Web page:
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UK to fine tech companies that fail to remove self-harm material

As part of a revision to the law governing online behavior, the government of Britain plans to make it illegal to encourage others to harm themselves online and will fine social media companies that fail to remove such content.

Although it is already against the law to promote suicide, the digital, culture, media, and sport ministry of Britain stated in a statement that it now wants to mandate that social media companies block a wider range of content.

Digital Secretary Michelle Donelan stated, “Social media firms can no longer remain silent bystanders and they’ll face fines for allowing this abusive and destructive behavior to continue on their platforms under our laws.”

The proposals, according to the Conservative government, aimed to block images and videos similar to those viewed by 14-year-old Molly Russell, whose death in 2017 sparked ongoing public concern.

The coroner who was looking into her death decided in September that social media platforms had provided her with content that “romanticized acts of self-harm by young people.”

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Companies that operate social media platforms will be required, in accordance with the proposals, to limit or remove content that is intended to encourage users to commit self-harm.

The government announced last week that the new law would also prohibit the distribution of sexually explicit images that have been altered to appear to feature an individual who has not consented to appear in them.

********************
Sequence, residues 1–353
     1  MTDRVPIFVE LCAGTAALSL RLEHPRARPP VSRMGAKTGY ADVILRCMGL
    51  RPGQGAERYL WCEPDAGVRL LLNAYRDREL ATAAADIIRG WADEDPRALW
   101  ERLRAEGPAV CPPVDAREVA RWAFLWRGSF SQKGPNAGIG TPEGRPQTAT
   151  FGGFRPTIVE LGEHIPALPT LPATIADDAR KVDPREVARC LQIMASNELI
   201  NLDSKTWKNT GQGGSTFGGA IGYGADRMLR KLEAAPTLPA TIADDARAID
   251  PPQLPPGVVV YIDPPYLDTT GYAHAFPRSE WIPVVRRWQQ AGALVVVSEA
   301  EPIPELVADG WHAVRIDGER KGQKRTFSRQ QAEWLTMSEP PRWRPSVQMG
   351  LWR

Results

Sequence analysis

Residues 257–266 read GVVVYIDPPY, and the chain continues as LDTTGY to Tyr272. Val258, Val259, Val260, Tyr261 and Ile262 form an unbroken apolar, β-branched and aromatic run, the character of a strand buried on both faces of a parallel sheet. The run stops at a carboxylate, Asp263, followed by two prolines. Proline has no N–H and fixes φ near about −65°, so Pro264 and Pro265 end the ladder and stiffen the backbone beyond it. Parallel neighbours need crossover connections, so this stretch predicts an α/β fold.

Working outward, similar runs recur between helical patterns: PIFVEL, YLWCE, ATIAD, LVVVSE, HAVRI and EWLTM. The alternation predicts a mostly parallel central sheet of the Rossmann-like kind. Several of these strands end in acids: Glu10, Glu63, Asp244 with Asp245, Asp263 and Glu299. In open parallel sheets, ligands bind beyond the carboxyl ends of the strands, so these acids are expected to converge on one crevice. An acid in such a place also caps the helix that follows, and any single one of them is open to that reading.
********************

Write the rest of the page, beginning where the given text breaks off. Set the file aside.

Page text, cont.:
When legislative amendments are presented to parliament next month, complete details of the most recent proposals, including the magnitude of fines imposed on businesses and the criminal penalties imposed on individuals who promote self-harm, will be provided.

Since its initial draft was published in May 2021, the Online Safety Bill—a larger piece of legislation that includes such penalties—has had a sluggish passage through parliament.

The definition of “legal but harmful” in earlier versions was criticized as being too vague and could arbitrarily criminalize otherwise legal behavior by tech companies and free speech advocates.

Children’s and mental health charities, as well as people who want to curb racist and sexist online abuse, have backed the bill strongly.

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